Metropolis: Yeah I am feeling Raekwon but I can tell Raekwon’s feeling Doom so boy, it all comes back to the source. I dunno, it’s just mad fresh at the moment. Like in terms of straight hip hop stuff, I think he’s just the most complete; he’s got the most swagger, focused lyrics, everything.
Orifice Vulgar: I’m feeling SonnyJim as always. I’m feeling Ghetts as always. I’m feeling Devlin too man
Nonames (to Orifice Vulgatron): who’s that new cat you been showing us?
Orifice Vulgatron: Yes this kid called Rinse. He’s dope.
Nonames: I’ve got one more to add to that, some new cat from Detroit. Mickey Factz from New York.
Orifice Vulgatron: You feeling him?
Last album you bought?
Orifice Vulgatron: Oh my god I can’t tell you that!
Metropolis: Minnie Riperton ‘ Adventures in Paradise’ on wax cos I love that track ‘inside my love’.
Orifice Vulgatron: Last album I bought was either Sound Garden or Weezer. I know it was the Weezer one but I wanna say Sound Garden one.
Nonames: I don’t buy albums any more. I think Metropolis buys more wax then me these days. Because I DJ, I use Serato, I don’t buy albums I buy singles, which is a shame because it’s nice to have an album but the way I look for music is on beat bought and itunes and you can listen to every single track. It’s rare that I want to buy every single track. The last single I bought was Benga ‘buzzin’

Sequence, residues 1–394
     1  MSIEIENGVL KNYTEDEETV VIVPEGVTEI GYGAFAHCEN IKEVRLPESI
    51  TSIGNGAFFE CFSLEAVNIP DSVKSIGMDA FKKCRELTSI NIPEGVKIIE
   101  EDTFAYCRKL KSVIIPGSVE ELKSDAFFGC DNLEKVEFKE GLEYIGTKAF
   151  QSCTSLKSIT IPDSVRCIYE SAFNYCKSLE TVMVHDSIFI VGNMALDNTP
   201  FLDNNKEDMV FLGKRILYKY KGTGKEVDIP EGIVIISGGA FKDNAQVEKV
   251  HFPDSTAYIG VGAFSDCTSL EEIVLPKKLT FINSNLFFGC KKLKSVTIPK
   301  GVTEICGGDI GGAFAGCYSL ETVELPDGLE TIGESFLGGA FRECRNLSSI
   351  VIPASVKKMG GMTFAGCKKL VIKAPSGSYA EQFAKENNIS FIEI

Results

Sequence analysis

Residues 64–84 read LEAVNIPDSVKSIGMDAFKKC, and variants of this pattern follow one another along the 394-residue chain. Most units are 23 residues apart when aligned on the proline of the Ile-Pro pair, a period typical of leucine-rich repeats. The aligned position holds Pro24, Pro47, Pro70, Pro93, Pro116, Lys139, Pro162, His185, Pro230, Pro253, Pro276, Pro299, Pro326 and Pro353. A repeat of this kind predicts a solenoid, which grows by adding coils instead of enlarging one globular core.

Metropolis: Last single I bought was Floating Points ‘Vacuum Boogie’ and Theo Parish LCD remix. Both incredible.
Orifice Vulgatron: Last thing I bought was ‘Next Hype’ Tempz.
What is clear is this third album is a departure in many respect to the previous releases but it feels timely. You can’t accuse them of turning their back on the UK or hip hop for a second. This album has bangers with the Beggars stamp all over it but it also goes out on a limb and it’s clear they’ve tried to do something different. We can’t sit in our rooms angry at the world banging aggy, dark hip hop forever, we have to grow up one day and, to me this is the Beggars growing up and keeping it current.
United Colours of Beggatron is out Monday 19th October. More info here
Picture: NOOR BFB